Viburnum rhytidophyllum

Viburnum rhytidophyllum Hemsl. (China) – A rare but much increasing escape from cultivation. Its naturalization history in Belgium is rather poorly documented although it was already claimed as “naturalizing” in a road verge by a motorway in Wijnegem in 1990. From 2000 onwards Viburnum rhytidophyllum has been increasingly reported as an escape from cultivation. Most records are obviously bird-sown (seedlings and saplings under taller bushes and trees). Initially it was mainly confined to climatologically suitable areas, for instance in coastal dunes. In Oostduinkerke (Witte Burg), for instance, it was already firmly established in 2001 (Verloove 2002) and by now has further extended. Some of the older wild bushes flower and fruit profusely and a local naturalization seems very reasonable. Identical behaviour has been reported from several other localities in coastal dunes in recent years, for instance near De Haan, De Panne, Knokke, Oostduinkerke, etc. In the past years it was also increasingly recorded in inland localities, for instance from old walls, railway yards and railway tracks, waste land, deciduous woodland, coalmine heaps, etc. Also frequently seen (wild) in plantations. In Kortrijk (Kennedybos and nearby woody talus slope of E17-motorway) it occurs with several tens and looks perfectly naturalized. By now known from numerous, very widely localities (see for an overview at: but almost absent from Wallonia. There known, for instance, on a coalmine heap near Charleroi (2011).

Similar behaviour recently became obvious in neighbouring territories as well. Viburnum rhytidophyllum now is a common evergreen invasive species in semi-natural woodlands in the German Ruhrgebiet (Fuchs & al. 2006). According to Walther (1999) it is a typical example of an evergreen species that is recently increasing as a result of climate change (laurophyllisation). Recently also reported as an escape from cultivation in the United States (see for instance Weckman & al. 2002). Future invasive behaviour, especially in climatologically suitable areas, seems very likely.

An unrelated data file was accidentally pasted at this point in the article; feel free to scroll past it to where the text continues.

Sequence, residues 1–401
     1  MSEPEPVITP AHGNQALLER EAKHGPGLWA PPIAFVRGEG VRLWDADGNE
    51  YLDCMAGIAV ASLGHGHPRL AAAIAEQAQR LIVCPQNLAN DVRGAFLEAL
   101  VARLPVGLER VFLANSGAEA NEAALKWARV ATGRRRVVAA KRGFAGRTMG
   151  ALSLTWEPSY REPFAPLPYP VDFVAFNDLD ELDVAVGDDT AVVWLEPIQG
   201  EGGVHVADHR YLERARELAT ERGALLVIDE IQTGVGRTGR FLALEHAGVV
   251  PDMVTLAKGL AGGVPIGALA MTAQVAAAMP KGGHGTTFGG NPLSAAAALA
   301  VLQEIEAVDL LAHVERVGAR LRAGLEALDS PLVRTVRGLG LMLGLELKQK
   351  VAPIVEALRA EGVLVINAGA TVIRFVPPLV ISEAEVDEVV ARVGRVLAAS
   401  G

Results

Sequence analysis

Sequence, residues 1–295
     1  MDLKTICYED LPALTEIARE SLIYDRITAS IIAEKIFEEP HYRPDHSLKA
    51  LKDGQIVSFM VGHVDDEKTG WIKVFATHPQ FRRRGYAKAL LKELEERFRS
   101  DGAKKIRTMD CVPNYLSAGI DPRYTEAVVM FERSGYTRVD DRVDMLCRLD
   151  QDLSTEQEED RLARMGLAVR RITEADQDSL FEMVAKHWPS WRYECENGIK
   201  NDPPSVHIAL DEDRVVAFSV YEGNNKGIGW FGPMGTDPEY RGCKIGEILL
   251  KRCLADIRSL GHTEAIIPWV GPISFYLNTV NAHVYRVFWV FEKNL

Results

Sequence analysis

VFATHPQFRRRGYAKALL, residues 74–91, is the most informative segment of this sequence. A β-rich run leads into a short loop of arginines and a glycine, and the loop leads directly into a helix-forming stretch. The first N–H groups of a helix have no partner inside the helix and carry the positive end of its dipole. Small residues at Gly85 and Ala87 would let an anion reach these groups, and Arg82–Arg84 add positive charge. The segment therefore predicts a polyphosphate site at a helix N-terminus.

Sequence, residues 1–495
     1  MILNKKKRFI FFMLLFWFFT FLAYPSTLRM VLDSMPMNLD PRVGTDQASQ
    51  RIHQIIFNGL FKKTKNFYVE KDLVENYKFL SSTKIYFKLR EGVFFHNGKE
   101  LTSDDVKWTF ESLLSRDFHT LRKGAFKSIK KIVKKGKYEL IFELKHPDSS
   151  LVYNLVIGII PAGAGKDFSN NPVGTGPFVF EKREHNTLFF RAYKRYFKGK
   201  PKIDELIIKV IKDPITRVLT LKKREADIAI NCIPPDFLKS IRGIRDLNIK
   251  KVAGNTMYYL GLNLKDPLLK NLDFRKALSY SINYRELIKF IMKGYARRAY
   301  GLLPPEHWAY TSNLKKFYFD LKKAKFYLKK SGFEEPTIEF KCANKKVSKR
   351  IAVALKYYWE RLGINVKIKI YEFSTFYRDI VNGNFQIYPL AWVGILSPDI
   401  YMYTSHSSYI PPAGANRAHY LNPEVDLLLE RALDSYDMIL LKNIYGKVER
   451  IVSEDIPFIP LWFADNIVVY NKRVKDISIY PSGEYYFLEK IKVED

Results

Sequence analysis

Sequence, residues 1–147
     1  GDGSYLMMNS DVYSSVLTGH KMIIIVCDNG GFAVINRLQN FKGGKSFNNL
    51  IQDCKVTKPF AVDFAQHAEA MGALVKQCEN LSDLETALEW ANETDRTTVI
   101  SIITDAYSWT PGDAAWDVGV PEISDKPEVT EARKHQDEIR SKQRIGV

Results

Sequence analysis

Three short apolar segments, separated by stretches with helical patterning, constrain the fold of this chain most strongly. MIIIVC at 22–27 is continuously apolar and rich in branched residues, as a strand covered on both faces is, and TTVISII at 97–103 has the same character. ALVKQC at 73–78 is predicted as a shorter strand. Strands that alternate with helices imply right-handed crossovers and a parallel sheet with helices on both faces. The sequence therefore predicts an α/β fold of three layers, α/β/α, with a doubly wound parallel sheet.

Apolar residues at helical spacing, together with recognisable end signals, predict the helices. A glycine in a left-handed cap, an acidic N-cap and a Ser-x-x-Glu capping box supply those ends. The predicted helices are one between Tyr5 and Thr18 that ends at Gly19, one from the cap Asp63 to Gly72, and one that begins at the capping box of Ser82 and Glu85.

Some records might be referable to Viburnum xrhytidophylloides, its hybrid with V. lantana. This nothotaxon is more or less deciduous, has slightly wider and shorter leaves that are less wrinkled.


Selected literature:

Brandes D. (2003) Die aktuelle Situation der Neophyten in Braunschweig. Braunschweiger naturkundliche Schriften 6(4): 705-760. [available online at:]

Fuchs R., Kutzelnigg H., Feige G.B. (2006) Seminatural ancient forest in urban agglomeration area “Ruhrgebiet”. Acta Biologica Benrodis 13: 91-104. [available online at:]

Mercel F. (1975) Taxonomic analysis of the hybrid between Viburnum lantana L. and V. rhytidophyllum Hemsl. (in Czech). Folia Dendrol. 2: 43-54.

Mercel F. (1978) Výsledky fenologického pozorovania Viburnum lantana L., Viburnum rhytidophyllum Hemsl. a ich Kríženca v podmienkach Arboréta Mlynaňy. (Results of phenological observation of the species Virburnum lantana L., Viburnum rhytidophyllum Hemsl and their hybrid under the conditions of the Arboretum Mlynaňy.). Folia Dendrol. 4: 91-107.

Nobis M. (2008) Ausbreitung gebietsfremder Arten. Invasive Neophyten auch im Wald? Wald und Holz 8/08: 46-49 [availale online at:]

Verloove F. (2002) Ingeburgerde plantensoorten in Vlaanderen. Mededeling van het Instituut voor Natuurbehoud n° 20: 227 p.

Walther G.-R. (1999) Distribution and limits of evergreen broad-leaved (laurophyllous) species in Switzerland. Bot. Helv. 109: 153-167.

Scratchpads developed and conceived by (alphabetical): Ed Baker, Katherine Bouton Alice Heaton Dimitris Koureas, Laurence Livermore, Dave Roberts, Simon Rycroft, Ben Scott, Vince Smith